CMLE is always looking for new ways to share ideas and information with you; and we have added a podcast to our information streams! If you have not subscribed yet, here are instructions on subscribing to our weekly podcast, weekly newsletter, two online book groups, and assorted social media!
Next week, we are podcasting about Reader’s Advisory, and we want to be able to include your thoughts and ideas. We have a few questions below; and if you have other ideas or suggestions please add them in the comments or email them to us at firstname.lastname@example.org! (If you want your ideas to be anonymous, just mention that.)
You probably listen to a few podcasts already, or at least know about some of the biggies out there in the podcast world. We have talked about library people who podcast, and podcasts you can use for workplace stress management. It’s a great way to share information – something we take very seriously here at CMLE Headquarters.
I’ve been a big fan of podcasts for a long time, and I love that podcasts are, once again, on the radar and a popular topic of conversation. Several times over the last few months I’ve heard people say, “Have you listened to [insert podcast name]? It’s so great!” Podcasts sometimes feel like short little audio books; perfect snippets for those of us with limited spare time or those of us with commitment issues. I listen to popular podcasts like Serial and Hidden Brain, literary podcasts like The Writer’s Almanac with Garrison Keillor, music podcasts like Tiny Desk, and book podcasts like Book Riot.
Recently, I decided that it was time to take podcasting into my own hands. I’m an avid reader, and because of my role as the school’s “librarian” (even though that’s not my official title), I’m often asked to help others find a book. In conjunction, I’m also in a high school setting which can sometimes be a finicky place to get reading traffic in to the library. High schools aren’t like elementary and middle schools where classes of kids come down once a week to check books in and out. Instead, I often rely on the roaming traveler in the book stacks or the rare, “My friend said I just HAVE to read this book!” for foot traffic. Podcasting seemed like the logical blending of these two situations. I could push out my book recommendations and at the same time try to create a bit more excitement about reading and the new books we have available.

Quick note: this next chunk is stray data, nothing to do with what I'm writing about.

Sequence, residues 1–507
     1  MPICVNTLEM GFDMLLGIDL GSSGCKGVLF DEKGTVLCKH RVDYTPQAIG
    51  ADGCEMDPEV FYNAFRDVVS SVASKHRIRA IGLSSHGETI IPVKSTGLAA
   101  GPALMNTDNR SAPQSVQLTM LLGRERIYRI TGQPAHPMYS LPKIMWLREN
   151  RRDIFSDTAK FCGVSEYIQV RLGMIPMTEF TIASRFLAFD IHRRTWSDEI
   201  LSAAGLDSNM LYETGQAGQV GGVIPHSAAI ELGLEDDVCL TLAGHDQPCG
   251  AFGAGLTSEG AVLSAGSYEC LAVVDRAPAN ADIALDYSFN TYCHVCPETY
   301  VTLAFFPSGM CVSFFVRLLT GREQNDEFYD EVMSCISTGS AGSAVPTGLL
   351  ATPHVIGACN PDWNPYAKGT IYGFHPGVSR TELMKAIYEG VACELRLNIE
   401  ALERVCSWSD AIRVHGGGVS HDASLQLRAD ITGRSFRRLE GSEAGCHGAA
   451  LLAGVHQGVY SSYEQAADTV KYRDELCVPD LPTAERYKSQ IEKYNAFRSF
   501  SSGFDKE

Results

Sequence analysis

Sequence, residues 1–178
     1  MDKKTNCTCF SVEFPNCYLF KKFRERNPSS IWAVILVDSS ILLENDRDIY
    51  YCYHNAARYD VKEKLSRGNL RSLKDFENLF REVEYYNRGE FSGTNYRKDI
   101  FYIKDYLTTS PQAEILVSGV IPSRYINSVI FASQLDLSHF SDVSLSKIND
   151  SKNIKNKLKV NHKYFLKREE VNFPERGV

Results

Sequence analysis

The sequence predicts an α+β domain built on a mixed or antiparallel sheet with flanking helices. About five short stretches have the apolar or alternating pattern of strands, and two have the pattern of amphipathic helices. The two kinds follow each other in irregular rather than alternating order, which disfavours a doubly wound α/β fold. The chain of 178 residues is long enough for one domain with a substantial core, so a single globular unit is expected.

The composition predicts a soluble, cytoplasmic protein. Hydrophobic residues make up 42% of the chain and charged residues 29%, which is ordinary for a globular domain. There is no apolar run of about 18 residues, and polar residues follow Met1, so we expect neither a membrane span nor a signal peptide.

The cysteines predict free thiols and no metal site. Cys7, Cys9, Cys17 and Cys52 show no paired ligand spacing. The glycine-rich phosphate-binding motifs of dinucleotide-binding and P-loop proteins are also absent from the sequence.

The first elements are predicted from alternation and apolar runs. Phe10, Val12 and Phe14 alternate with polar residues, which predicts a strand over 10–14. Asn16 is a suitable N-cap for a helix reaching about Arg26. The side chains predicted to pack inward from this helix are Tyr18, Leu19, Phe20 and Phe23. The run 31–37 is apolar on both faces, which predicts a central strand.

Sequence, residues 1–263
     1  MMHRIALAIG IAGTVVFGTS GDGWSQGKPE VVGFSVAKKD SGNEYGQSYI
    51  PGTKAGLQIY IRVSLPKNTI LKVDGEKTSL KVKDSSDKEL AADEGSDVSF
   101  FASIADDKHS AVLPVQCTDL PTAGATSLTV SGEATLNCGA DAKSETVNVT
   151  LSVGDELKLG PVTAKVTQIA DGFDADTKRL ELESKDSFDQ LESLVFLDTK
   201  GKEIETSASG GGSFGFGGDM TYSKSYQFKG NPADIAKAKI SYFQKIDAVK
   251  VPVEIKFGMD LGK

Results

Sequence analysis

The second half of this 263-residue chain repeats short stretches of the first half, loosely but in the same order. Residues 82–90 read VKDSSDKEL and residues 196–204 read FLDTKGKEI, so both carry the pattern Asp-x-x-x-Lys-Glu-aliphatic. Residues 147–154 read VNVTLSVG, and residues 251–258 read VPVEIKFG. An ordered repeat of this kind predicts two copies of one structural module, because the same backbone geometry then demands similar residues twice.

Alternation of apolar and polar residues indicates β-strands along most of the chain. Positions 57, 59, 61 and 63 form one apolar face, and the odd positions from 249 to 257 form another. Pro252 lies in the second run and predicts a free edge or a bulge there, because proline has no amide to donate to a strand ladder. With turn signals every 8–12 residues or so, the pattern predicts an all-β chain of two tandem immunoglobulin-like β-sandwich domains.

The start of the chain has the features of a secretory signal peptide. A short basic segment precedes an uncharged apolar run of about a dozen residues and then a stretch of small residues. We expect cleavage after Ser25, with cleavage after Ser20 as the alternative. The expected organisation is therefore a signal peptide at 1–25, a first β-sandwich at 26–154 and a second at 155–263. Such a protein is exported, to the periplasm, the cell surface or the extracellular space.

Stress affects everyone, and end-of-year stress can be particularly difficult. Many of us are struggling to finish up all our work for the end of the semester, or celebrating holidays and all that comes with it, in addition to dealing with every single other thing that was already driving us crazy all year long! Patrons have less patience, money is suddenly tighter, and all kinds of extra programs can just cause even the best-balanced library person to hit a breaking point.
CMLE is here to help you. This month we will provide all kinds of information about stress, to help you learn more about it, and learn some strategies for managing stress. You cannot stop stress from happening, but we can all learn better ways to increase our resilience so stress does not knock us out!
One easy way to help is to listen to podcasts.
Of course, there are all kinds of librarian podcasts out there, and we recommend those as nice way to keep up with interesting things happening in the profession!
Host Phil Morehart presents Episode Four of ALA’s Dewey Decibal podcast series that hopes to bring the convention to you. The podcast features interviews with a variety of staffers and speakers, including Peter Coyl and Michael Eric Dyson. Hosts also interview some of the 16,000 librarians and library professionals right from the conference floor, where they speak about their experience and the role they play in the world of libraries. Hearing the background noise and excitement in the voices of the attendees help to transport you to the energy of the conference.